Leaving the ground following the Chelsea victory over United it was hard not to feel anything but delight. This was a methodical performance, the team completely negated one of the league's in form sides, who a week ago put four past Manchester City. On this occasion, United looked lost on the ball, Kurt Zouma marked Marouane Fellaini out of the game from the first minute and despite having 70 percent of possession throughout the match, the team in red looked bereft of ideas.
The majority of their possession was at the feet of a defensive trio in Paddy McNair, Chris Smalling and Antonio Valencia at the half way line. There was not a single clue between them as to how they could breakdown Chelsea, now that lobbing the ball up to Fellaini was no longer an option. In the end the two centre backs decided pot shots from thirty yards out would be the best solution. It really wasn't.
With that in mind, it came as somewhat of a shock to read on my timeline that Chelsea fans should feel embarrassed by the performance or that for some reason we should not be proud of that win. It wasn't the performance of champions. These are the rambling of football's alleged purists, rooting out the evil, enemy of the game that is Jose Mourinho. In reality, the problem isn't Mourinho, it is the self-righteous, naive mind that thinks a pragmatic performance is anything but the right way to play football.
Football is, after all, the only sport that so thoroughly chastises those who excel at defending. For those who need reminding, defending is half the game. Imagine a boxer being criticised for not allowing his opponent to hit him. Floyd Mayweather, boxing's most technically proficient fighter, will hereby be known as "The Anti Boxer". Imagine thinking the Seattle Seahawks are an enemy of the NFL as opposed to the embodiment of it. Or that San Antonio's empire in the Tim Duncan era should be forgotten because they can defend their own half of the court.
It is strange that those who champion the right way of playing football fail to understand the importance of strategy. It is absurd to think that there can be no satisfaction in grinding out victories. Tell that to the 40,000 inside Stamford Bridge and every single one of them would laugh: that performance was nothing short of incredible. The scoreline was the perfect reflection of how the game panned out -- only one team ever looked like they'd find a way though. It is no surprise that even with only 30 percent possession the next best chance in the game aside from the goal fell to Chelsea and Eden Hazard when his acrobatic effort struck the post from a tight angle.
As a winner, Mourinho's methods are second to none. The idea that his approach to big games is that of a small club mentality is so unbelievably narrow minded, that it pains me to see people failing to understand the beauty of it. This is not the same style of play as an underdog, praying that through sheer force of will and desperate defending, they can keep the onslaught at bay for ninety minutes. Sure, there are the odd occasion when this will work out in their favour, when Mourinho classed West Ham's football as 19th Century, it felt like a compliment more than an insult. Yet, at the end of the day that result was as much down to good fortune and a heroic effort in goal by Adrian than anything else. West Ham's subsequent efforts at stifling the Chelsea attack with mere numbers has failed. It is why Brendan Rodgers' comment that "Defending is easy" was so way off the mark (much like the rest of the league's challenge for the title).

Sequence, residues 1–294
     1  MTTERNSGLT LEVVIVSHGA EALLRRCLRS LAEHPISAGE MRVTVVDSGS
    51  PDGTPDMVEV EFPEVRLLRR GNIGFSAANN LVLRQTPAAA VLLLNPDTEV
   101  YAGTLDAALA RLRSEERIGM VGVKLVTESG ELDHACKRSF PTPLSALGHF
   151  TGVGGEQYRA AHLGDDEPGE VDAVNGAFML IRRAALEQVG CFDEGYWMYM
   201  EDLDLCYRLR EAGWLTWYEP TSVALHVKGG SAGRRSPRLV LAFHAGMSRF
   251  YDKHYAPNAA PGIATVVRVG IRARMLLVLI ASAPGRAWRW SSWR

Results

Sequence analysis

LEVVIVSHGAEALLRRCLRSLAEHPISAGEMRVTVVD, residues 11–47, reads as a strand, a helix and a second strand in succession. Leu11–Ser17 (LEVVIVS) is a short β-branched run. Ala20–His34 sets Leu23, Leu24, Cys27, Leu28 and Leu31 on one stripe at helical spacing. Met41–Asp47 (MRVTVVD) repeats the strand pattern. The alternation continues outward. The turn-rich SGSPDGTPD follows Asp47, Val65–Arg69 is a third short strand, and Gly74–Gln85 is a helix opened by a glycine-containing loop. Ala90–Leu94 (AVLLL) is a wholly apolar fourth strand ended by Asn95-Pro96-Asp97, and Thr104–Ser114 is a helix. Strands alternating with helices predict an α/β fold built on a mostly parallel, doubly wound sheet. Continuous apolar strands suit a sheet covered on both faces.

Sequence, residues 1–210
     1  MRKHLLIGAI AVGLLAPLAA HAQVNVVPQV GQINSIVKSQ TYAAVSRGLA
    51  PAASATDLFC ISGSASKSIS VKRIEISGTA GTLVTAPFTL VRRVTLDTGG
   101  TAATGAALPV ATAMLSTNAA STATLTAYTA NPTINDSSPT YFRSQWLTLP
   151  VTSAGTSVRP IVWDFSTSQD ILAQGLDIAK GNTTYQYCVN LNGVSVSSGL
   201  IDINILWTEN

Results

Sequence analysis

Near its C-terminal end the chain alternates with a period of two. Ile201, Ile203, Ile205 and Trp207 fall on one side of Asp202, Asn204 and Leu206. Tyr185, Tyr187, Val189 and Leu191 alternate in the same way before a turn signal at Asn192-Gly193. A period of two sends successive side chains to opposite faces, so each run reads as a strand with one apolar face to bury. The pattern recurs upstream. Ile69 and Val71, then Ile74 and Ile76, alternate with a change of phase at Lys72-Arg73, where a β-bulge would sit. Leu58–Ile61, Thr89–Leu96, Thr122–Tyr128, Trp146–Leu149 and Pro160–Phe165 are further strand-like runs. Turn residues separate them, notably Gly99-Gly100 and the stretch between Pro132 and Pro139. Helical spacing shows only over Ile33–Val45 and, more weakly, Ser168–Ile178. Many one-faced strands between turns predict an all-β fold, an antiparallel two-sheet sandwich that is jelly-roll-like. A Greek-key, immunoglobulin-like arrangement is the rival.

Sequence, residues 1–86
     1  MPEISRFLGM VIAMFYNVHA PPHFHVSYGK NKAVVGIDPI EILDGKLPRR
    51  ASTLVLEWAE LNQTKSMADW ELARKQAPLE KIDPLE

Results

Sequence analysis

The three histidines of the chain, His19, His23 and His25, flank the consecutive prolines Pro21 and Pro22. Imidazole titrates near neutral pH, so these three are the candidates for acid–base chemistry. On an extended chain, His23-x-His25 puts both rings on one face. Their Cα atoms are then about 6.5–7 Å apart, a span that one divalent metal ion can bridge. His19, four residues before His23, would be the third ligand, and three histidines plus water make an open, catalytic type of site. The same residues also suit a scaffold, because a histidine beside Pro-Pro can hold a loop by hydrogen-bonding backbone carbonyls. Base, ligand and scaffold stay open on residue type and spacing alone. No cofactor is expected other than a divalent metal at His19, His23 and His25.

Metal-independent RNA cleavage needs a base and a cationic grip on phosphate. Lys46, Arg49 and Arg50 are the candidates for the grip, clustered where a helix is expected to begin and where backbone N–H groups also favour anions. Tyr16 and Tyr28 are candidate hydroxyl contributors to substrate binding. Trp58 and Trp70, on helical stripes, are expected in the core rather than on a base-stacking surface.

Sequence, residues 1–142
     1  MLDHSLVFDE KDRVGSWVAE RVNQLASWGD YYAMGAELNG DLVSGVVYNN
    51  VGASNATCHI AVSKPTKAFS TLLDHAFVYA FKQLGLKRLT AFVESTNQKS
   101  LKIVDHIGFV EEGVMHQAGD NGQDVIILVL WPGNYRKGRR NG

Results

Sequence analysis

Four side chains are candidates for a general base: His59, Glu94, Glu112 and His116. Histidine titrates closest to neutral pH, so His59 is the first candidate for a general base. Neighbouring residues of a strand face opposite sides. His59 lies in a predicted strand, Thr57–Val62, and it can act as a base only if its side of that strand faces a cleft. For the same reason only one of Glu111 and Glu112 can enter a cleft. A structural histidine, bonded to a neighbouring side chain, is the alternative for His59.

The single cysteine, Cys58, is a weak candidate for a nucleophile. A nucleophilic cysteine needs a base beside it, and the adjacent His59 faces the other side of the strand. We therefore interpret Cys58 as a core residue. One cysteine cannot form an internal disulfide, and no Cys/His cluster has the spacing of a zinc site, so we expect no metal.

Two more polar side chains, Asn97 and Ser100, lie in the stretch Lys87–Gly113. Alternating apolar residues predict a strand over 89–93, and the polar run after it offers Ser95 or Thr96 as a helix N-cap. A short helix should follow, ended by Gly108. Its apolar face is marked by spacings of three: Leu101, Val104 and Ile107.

I for one think it is sad to see so many disregard half of the game in the way they do towards defending. Sure, free flowing, attacking football is perhaps at its best in this generation. However, a failure to admire those who stand against the tide, beating away everything thrown at them is not a sign of championing the beautiful game, it is blind ignorance.
Soaking up pressure for ninety minutes in the way that Mourinho's sides do, is not easy. It takes an unbelievable amount of discipling and skill to perform. Mourinho's so called negative tactics have yielded unparalleled positive results. Ultimately it boils down to efficiency. Mourinho believes that his side can do more with 30 percent of the ball than the opposition can do with 70%. Most of the time, he's right. Most of the time, he wins. This isn't David vs. Goliath, this is the Ali "Rope-a-Dope" played out to perfection. This is a masterclass in counter punching.
It is rather comical that Mourinho is portrayed as a pantomime villain, the Dementor of football, sucking the life force out of the game. While, his approach may not be easy on the eye for a neutral, it is not Mourinho's fault that the purist brigade are out with their pitchforks and torches after every victory he oversees, failing to appreciate the complexity of the game. Mourinho positions his players as if they were pieces on a chessboard. You have to react to the opposition, life is a series of checks and balances. In football no one understand this better than The Special One.